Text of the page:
Tele-schooling. Hand sanitizers. Warning posters and enhanced disinfectant cleanings.
School districts across New Jersey are gearing up for a coronavirus outbreak, sending letters to parents and staff about their preventative measures and mitigation plans.
While the tone of the letters was measured and practical, the districts’ sweeping action only confirms the escalating fear felt throughout the state and beyond.
Federal health officials said earlier this week that schools, health departments and businesses should “dust off” their pandemic plans and prepare for the worst. The CDC announced an outbreak in the U.S. was “inevitable” and “could be bad.”
New Jersey schools have heeded the advice.
The Lakewood School District informed staff this week of the measures it is taking — mostly simple, hygiene-focused actions.
“We will be placing hand sanitizers throughout the buildings in common areas where there are no sinks and hand soap accessible in addition to routine scheduled cleaning,” according to a letter emailed to school district staff and obtained by NJ Advance Media.
Posters targeting students will be hung throughout school buildings.
“Prior to this issue we have issued spray bottles to every classroom with the approved cleaning solution to disinfect and kill several viruses including the human coronavirus,” the Lakewood letter read. “We will have additional staff helping to clean with disinfectant wipes all touch points, such as door knobs/handles, sink faucets, all surfaces etc. to ensure the cleanliness of our buildings.”
The New Jersey Department of Health updated its guidance for K-12 schools Feb. 3. And the state Department of Education, which is a member of New Jersey’s coronavirus task force, is providing guidance to school districts on how to prepare if the virus begins spreading within communities.
If a surge of cases emerged, home instruction or online instruction is an option, according to the Department of Education.
Lorraine Borek, former president of the New Jersey School Nurse Association, believes school districts across the state will be ready.
“We are always prepared for something. So over the course of the years, there have been several outbreaks, whether it be Zika virus, Ebola, recent issues with measles, outbreaks throughout the state,” Borek said. “So right now, the virus of concern is the coronavirus, but the preparedness is the same.”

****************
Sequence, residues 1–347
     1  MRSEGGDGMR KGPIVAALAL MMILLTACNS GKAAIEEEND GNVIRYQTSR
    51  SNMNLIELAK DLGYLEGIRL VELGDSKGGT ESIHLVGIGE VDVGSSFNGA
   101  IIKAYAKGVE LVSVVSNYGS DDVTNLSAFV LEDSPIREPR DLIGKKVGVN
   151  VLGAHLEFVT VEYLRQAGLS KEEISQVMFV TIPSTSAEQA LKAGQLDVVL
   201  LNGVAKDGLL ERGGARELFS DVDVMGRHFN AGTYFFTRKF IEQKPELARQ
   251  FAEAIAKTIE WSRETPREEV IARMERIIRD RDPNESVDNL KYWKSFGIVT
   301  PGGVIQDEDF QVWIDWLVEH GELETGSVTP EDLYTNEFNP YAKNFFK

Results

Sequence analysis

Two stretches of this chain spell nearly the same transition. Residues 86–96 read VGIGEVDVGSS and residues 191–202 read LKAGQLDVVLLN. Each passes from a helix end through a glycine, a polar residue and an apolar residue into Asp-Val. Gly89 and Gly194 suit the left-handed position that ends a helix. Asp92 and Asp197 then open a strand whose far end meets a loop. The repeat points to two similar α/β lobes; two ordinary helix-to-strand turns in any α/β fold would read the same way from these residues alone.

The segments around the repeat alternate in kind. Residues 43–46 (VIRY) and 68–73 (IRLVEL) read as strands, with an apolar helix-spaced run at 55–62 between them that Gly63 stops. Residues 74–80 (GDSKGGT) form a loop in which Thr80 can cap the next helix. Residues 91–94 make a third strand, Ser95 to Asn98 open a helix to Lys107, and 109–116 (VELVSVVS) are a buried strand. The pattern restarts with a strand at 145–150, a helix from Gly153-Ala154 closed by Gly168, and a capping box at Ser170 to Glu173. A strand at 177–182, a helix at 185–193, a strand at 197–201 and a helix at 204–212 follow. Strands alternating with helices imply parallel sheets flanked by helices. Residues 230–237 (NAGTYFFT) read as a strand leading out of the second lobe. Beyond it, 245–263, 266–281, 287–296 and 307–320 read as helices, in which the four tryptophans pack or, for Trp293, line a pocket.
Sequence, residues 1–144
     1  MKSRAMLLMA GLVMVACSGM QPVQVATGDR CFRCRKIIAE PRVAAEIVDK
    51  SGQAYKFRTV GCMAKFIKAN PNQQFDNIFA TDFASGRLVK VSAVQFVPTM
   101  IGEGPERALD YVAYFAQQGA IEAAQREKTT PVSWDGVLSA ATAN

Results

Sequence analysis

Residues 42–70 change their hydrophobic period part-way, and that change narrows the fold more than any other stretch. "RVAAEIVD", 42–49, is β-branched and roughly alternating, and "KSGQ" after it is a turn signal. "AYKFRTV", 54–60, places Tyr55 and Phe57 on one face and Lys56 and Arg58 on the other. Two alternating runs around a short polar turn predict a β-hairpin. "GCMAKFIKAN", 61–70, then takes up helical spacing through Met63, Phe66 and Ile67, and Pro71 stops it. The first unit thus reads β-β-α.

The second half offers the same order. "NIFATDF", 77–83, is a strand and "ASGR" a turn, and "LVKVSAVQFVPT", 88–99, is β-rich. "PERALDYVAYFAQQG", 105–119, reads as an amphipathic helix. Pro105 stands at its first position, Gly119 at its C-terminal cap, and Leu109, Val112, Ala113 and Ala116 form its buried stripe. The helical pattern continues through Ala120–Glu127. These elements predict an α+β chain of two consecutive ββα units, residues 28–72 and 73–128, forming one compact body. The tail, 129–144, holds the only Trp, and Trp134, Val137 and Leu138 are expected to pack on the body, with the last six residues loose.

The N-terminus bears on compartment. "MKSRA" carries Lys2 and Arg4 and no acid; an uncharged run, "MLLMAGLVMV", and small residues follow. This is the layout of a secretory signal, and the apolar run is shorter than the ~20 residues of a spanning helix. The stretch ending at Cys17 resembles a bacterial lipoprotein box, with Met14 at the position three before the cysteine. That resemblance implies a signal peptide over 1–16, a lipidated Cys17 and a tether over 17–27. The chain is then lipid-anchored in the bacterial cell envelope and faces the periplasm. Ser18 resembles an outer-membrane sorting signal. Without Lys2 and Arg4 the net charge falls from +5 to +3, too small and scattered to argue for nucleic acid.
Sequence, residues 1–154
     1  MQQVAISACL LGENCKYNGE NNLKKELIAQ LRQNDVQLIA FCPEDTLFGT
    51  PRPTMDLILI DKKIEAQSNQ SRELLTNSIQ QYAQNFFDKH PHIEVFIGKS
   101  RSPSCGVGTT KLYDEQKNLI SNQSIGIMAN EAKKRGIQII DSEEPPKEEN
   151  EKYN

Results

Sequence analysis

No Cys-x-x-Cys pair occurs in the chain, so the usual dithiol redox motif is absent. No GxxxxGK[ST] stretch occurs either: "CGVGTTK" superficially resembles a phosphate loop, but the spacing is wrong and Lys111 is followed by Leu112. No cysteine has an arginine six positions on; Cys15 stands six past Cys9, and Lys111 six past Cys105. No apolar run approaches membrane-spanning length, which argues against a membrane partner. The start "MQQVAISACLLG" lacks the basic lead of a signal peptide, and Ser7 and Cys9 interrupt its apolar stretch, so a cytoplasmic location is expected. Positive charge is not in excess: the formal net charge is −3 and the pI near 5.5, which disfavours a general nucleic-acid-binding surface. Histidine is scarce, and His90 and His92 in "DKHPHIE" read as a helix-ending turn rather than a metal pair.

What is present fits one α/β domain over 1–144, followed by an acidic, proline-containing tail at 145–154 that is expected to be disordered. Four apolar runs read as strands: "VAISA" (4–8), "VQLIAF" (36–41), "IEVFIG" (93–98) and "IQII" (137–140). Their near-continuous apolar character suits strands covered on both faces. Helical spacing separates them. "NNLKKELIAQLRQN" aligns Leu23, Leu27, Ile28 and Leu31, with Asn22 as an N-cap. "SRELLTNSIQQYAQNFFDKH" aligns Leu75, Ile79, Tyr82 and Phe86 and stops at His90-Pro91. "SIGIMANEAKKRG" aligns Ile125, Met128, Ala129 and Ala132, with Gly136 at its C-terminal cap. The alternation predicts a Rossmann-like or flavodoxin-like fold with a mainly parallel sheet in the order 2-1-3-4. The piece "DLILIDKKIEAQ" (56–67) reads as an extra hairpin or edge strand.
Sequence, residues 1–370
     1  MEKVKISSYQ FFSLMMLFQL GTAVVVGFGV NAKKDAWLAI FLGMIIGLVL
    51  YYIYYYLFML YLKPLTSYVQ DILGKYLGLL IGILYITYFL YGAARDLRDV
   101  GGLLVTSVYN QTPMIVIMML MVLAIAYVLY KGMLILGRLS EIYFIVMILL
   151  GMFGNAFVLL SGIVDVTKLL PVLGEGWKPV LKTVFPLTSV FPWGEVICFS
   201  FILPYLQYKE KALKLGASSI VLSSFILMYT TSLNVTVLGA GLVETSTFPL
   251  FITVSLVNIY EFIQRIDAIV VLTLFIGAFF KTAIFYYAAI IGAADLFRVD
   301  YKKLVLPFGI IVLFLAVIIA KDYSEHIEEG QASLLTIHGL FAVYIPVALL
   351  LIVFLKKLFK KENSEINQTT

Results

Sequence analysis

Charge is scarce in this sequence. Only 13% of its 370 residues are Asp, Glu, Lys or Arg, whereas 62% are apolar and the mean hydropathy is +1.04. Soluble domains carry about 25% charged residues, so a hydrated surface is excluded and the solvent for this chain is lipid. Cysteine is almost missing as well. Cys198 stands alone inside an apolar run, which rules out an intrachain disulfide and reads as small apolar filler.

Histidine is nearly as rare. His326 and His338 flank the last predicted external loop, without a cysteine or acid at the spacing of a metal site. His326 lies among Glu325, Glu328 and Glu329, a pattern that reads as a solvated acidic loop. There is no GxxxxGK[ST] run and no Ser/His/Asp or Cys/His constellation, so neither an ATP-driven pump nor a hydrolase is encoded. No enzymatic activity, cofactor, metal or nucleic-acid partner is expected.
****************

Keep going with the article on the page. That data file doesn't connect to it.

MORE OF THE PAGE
U.S. schools are hardly alone in taking preventive measures. Japan ordered all of its schools from high school and below to close through spring break, which amounts to about a month.
Although there have been no confirmed cases of coronavirus in the Garden State, there are 195 asymptomatic people in self-quarantine based on their travel history, a spokeswoman for the New Jersey Department of Health said in an email.
“These individuals are monitored by local health officials,” the spokeswoman said. “None of the 195 individuals are considered high risk. These numbers change frequently as individuals rotate on and off of the 14-day quarantine period.”
The Cranford School District issued its own letter, asking parents to report any travel to areas enduring an outbreak.
It also informed the community it is monitoring CDC alerts and continuing to follow the current guidance posted by the New Jersey Department of Education and the New Jersey Department of Health.
“The Department of Health and the Cranford Public Schools recommend that all families with a child who (within the past two weeks) has traveled to an area of the world highly impacted by the Coronavirus, to please contact their child’s principal and/or school nurse prior to sending their child back to school,” said the letter, which was obtained by NJ Advance Media.
“The District and school nurses will refer these cases to our Health Department as they have the jurisdictional responsibility and will work with these families to determine the appropriate timeline for reentry to school. Please only notify the school district about your own child/children who have recently traveled to a country impacted by the Coronavirus. We cannot discuss the health concerns of other students due to confidentiality restrictions.”
The school district is also “enhancing daily cleaning and sanitizing at all of our schools,” including having schools equipped with hand sanitizer dispensers.
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